During the off-season Los Angeles Clippers’ fans have seen a lot of changes with their team.
The depth of the Clips has been lengthened with the signings of Grant Hill and Jamal Crawford, and the Lamar Odom trade. Ronny Turiaf takes the Reggie Evans role and Ryan Hollins is a solid shot blocker to have come off the bench. LA now has a mix of veterans and youth, instead of the young inexperienced roster the Clippers had last season.
Chauncey Billups and Eric Bledsoe (both suffered season ending injuries early on in the 2011-12 season) are healthy, coach Vinny Del Negro — whether you love him or hate him — seems prime to get a contract extension, star forward Blake Griffin was signed to an extension of his own and a few positions in the office brass have been realigned.
With all this mentioned, the biggest change from last year to this year wasn’t noticed until Friday’s media day — confidence.
Last season the Clippers were definitely an improved team after acquiring Chris Paul and were named a lock to make the playoffs before an official NBA game was even played. Griffin was coming into his second season after a Rookie of the Year Award winning campaign, Billups was added to add leadership and a lot was thought of DeAndre Jordan on the defensive end.
Still, no one thought they were world beaters, including themselves. The Clips were a competitive team but deep down, they knew they couldn’t contend with the elite Western Conference teams including the 50-16 San Antonio Spurs who swept LA in the semifinals of the playoffs.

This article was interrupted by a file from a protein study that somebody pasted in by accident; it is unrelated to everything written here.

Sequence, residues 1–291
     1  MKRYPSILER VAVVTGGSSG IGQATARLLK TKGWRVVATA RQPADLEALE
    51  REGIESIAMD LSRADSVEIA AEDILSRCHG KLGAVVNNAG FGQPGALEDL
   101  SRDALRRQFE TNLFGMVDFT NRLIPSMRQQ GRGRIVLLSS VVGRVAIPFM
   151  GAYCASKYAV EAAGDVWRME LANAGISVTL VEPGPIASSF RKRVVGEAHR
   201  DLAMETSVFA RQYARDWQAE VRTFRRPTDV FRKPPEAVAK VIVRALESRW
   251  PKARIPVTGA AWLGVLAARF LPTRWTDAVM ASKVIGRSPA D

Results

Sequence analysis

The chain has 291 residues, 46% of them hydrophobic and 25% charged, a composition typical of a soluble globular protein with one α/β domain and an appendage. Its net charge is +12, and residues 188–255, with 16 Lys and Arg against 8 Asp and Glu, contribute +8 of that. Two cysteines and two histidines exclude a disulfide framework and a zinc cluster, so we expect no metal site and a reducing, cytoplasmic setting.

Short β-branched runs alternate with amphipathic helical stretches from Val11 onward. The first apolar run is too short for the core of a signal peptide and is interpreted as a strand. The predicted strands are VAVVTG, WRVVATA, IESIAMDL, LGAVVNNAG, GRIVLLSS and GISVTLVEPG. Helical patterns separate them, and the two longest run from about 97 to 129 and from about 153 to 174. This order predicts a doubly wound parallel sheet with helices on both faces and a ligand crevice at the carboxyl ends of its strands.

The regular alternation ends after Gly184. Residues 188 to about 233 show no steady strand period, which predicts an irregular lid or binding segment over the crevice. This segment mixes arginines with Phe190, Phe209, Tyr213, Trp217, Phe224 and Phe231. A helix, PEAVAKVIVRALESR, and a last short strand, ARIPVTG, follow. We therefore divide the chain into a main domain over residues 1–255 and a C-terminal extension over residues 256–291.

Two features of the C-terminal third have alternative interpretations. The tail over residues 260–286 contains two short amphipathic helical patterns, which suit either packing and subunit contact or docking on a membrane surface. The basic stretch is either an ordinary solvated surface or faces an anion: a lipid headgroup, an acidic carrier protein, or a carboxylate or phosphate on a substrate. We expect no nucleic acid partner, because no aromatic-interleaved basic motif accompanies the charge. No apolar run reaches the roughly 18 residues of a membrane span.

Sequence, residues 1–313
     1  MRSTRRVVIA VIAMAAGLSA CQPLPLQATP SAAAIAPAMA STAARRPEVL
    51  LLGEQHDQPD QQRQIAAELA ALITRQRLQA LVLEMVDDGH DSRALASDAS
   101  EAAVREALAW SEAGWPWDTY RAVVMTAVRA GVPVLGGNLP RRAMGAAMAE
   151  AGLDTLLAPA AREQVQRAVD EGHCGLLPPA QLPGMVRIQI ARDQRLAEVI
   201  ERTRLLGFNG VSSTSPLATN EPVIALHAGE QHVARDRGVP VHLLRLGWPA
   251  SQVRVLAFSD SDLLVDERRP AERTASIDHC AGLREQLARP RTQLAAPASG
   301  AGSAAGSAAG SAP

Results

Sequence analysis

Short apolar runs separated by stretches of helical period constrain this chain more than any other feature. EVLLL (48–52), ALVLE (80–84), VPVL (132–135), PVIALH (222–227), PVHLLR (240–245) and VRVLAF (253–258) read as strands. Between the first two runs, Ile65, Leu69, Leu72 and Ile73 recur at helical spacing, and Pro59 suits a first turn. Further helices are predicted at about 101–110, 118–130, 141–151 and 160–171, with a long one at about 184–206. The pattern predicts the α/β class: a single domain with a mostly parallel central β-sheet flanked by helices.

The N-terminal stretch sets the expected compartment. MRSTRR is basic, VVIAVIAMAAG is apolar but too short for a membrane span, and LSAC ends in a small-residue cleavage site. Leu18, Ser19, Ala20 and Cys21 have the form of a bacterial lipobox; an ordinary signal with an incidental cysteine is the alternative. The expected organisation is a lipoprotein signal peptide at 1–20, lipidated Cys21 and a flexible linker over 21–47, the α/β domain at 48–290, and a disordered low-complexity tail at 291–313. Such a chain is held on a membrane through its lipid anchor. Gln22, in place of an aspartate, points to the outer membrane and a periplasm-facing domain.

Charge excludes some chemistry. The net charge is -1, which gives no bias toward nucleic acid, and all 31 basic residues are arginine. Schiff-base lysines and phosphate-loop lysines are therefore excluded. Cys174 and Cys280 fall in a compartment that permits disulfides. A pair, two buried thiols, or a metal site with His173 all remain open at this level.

At this year’s media day, the Clippers showed the confidence, the swag and a determined look of a champion. Rocky would be proud to see the Clippers’ “Eye of the Tiger”.
Los Angeles president Andy Roeser summed it up like this in an interview published on HoopsWorld.
“I really like our team this season. I don’t see any limit to what we can accomplish as a team. I think the additions (of) Lamar Odom, Jamal Crawford and Grant Hill help us at all the positions. I think we come back with a great mix of veterans, young players, experience and savvy and a lot of depth at every position. I can’t wait to see us play.”
Instead of thinking they are simply a competitive team, the Clippers think they can honestly contend with any squad in the league and now view themselves as elite.
I don’t know about any other supporter of the Clippers, but I love the confidence and their heart of a champion demeanor. Who doesn’t want their team to think they can beat tough opponents, especially when it actually has the talent to do so?
Sure, a championship isn’t won without playing a game or by front office decisions that sound good in theory, but a new found determination has never hurt anyone before.
Kobe Bryant wouldn’t have willed the Los Angeles Lakers to championships in 2009 and 2010 — if he didn’t think the team could win. The same thing can be said about LeBron James and Dwyane Wade. I scoffed at the celebration those two and Chris Bosh had after they all signed contracts in the summer of 2010, but they backed it up by going to the NBA Finals in 2011 and then winning the NBA Championship in 2012.
The Clippers need to be focused because it will be a rocky road; winning in the NBA isn’t easy.
However, if they can stay healthy and find ways to get the best out of everyone on the roster, there is no reason the Clippers couldn’t be crowned instead of King James, Bryant or Kevin Durant.